Thursday, August 4, 2016

Starcraft. Bag O' Terran Marines and Bag O' Zerglings

I am pretty much unfamiliar with Starcraft and Warcraft. The only thing that caught my eye were these figures, which Billy Hill posted in the Army Men Homepage FB page. What with my recent work on sci-fi topics, I had to have them. They looked like superb characters for a sci-fi skirmish game.
Starcraft Terran Marines
I ordered a bag each of Terran Marines and Zerglings. What I gathered from a Starcraft fan site is that the Marines are armored and use weapons that fire metal spikes. The Zerglings are creatures with sharp appendages that can do great harm in hand-to-hand fighing. They seem to be a mix of insectoid, crustacean and reptilian features.
Terrna Marines and Zerglings
This reminds me of a starter set for Warhammer 40,000 from ten years or so past. We carried it in a hobby shop where I worked at the time. The game set had Space Marines versus a swarm of buglike critters. Starcraft’s Marines and Zerglings seem like a similar kind of nerdware.
On pages and sites of those selling the figures, each stated that each bag has nine figures. One said there were nine figure and six poses of the marines. He was mistaken. In reality, there are three each of three poses. The marines have one pose rushing with rifle pointed, one standing with rifle up, and one rushing with shield and rifle. There are three Zerglings in three poses. (Zergling sounds like something they would name a Pennsylvania beer). The figures have a lot of overhangs, which means they were originally molded in parts that were assembled prior to packaging. Marines are in light blue; Zerglings are brown.
Marines and Ajax Spacemen. Marines are shorter but just as thick.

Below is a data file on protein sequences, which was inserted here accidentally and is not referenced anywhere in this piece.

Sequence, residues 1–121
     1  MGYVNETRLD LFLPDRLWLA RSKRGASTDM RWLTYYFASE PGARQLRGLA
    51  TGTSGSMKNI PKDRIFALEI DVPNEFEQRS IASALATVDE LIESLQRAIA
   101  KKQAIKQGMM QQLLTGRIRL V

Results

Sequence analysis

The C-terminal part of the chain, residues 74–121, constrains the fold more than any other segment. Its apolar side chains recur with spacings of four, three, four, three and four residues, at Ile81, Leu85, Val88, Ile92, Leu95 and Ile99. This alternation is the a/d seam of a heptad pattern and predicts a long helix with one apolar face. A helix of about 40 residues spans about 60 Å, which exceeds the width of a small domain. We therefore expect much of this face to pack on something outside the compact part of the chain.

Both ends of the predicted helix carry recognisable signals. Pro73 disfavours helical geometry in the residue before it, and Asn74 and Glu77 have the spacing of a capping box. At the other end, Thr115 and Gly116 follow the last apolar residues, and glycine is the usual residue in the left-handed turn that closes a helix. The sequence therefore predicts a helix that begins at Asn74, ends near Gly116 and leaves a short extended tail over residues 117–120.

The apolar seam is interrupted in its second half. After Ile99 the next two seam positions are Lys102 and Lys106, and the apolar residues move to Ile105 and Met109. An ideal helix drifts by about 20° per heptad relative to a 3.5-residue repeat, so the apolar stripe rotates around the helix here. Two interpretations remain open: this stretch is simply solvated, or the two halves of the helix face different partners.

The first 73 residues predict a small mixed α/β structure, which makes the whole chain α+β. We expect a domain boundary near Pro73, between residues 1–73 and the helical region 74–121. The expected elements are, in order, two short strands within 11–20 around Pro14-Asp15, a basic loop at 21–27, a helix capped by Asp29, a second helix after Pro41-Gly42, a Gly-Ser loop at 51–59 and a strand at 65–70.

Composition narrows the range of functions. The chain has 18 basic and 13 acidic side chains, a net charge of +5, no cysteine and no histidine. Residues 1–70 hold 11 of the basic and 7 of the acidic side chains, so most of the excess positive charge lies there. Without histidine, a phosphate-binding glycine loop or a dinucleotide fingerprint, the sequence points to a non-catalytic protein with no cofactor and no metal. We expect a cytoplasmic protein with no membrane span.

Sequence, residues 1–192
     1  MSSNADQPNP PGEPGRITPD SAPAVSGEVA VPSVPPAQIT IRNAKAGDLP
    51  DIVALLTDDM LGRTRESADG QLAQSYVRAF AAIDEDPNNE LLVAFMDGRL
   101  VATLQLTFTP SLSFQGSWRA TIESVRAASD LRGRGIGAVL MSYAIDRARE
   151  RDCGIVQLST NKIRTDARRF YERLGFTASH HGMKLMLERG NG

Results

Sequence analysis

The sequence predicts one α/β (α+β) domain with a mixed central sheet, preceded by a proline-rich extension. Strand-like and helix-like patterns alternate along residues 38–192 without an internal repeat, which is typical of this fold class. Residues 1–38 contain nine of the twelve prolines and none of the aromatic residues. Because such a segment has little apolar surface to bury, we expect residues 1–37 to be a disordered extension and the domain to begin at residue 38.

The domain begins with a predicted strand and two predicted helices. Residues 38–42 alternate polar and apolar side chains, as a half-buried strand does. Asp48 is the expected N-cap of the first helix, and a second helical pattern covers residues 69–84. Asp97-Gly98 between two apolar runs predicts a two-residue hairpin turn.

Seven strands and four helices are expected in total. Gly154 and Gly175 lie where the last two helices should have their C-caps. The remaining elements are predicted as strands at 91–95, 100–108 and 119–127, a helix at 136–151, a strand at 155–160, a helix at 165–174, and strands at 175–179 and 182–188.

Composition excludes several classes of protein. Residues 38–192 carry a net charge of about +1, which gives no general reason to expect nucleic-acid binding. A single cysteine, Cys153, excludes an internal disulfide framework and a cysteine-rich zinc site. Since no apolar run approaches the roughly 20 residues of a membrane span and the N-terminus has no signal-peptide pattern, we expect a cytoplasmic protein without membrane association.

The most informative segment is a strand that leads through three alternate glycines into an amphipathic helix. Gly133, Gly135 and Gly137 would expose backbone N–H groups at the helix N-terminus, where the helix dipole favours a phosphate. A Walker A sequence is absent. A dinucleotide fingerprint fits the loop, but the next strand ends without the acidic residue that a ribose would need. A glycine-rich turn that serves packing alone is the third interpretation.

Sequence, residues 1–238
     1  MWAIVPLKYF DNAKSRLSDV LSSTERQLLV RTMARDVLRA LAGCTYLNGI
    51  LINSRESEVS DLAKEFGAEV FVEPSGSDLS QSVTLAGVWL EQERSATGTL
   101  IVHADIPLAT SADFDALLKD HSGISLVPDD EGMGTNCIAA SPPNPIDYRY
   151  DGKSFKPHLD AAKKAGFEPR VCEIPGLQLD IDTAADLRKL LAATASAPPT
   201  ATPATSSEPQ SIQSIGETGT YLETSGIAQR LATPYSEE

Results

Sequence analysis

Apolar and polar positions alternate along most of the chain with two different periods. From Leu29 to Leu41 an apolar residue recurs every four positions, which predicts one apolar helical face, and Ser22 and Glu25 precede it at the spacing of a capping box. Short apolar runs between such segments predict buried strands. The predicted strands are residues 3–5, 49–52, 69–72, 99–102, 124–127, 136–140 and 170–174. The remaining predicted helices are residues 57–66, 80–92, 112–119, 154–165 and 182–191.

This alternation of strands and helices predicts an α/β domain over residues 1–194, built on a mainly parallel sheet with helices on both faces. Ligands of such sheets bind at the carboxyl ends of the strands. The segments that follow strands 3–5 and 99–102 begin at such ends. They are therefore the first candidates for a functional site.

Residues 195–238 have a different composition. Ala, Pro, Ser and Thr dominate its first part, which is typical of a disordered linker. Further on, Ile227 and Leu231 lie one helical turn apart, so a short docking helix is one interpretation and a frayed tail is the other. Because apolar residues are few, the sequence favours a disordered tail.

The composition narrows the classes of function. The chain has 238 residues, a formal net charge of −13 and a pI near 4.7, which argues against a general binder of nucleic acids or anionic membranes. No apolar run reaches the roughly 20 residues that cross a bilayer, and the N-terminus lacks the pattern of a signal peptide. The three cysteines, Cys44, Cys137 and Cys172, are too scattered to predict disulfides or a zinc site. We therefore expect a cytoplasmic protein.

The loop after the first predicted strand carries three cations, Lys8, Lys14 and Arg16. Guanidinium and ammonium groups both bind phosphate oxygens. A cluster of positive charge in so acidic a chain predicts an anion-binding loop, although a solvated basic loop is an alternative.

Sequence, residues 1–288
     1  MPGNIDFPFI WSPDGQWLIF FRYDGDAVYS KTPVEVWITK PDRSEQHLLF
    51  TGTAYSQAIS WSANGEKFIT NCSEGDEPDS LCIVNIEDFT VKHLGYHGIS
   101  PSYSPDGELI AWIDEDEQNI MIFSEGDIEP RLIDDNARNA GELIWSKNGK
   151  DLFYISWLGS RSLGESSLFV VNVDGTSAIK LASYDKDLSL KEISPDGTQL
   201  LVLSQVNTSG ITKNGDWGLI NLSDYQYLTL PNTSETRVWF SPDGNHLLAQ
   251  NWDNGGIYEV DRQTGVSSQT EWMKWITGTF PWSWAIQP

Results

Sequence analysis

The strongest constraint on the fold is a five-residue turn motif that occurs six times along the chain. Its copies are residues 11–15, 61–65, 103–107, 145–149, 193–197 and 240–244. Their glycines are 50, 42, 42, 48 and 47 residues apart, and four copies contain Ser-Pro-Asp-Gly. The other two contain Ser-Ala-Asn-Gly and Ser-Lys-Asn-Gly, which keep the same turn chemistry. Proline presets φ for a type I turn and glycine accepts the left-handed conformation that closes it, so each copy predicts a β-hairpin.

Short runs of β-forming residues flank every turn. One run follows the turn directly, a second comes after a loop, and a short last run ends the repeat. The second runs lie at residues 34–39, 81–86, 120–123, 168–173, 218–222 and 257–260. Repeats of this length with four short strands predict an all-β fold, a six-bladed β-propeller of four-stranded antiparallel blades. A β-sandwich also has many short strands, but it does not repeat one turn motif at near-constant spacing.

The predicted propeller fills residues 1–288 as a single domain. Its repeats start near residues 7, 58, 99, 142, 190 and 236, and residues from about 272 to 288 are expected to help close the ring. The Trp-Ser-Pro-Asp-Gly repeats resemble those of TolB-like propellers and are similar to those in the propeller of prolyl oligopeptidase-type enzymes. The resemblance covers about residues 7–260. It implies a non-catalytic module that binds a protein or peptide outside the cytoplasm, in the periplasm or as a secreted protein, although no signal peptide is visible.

Despite their thickness, the marines are about 54mm to 60mm size. It is their overall thickness that dwarfs Star Wars and Galaxy Laser Team figures. These guys are thick. The Zerglings have all sorts of appendages and it takes a while to figure which part is the head. Detail on marines and Zerglings is very nice. They could easily be fit into a game like Laserblade. (When I finish the Sci-Fi supplement for OMOG, I will have to accommodate figures like these. They are too cool!)
Marines with Galazy Lasrer Team. Marines are much larger.
The Terran marines resemble the space-marines of popular nerdware Warhammer 40,000. Of coure, they are not the same. I am sure that nerds who play both Warhammer and Starcraft can point out all the differences.
Zerglings with Galaxy Laser Team
These Terran marines and Zerglings would both look great if they were painted.
Marines and Hasbro Star Wars 54mm figures. Similar height, but the thickness of the marines makes the Star Wars figures look smaller.
Even if you do not want to add elements of Starcraft to skirmish games, you could use both Marines and Zerglings for other things.
Zerglings and Star Wars figures.
Good plastic sci-fi figures are a treasure. In 2015, we had Hasbro’s excellent Star Wars Command figures. These were 54mm size and had a nice variety of types and poses. An interesting set was a 40mm scale bag soldier set of Aliens Colonial Marines and Aliens. Though far from ideal, they gave fans of the Aliens franchise something with which to work. An old favorite, reissued by Tim Mee is the Galaxy Laser Team. The team is a source of various figures, from turtle-monsters to conventional astronauts. Throwing the Terran Marines and Zerglings into this mix could provide some intriguing scenarios for space skirmish games.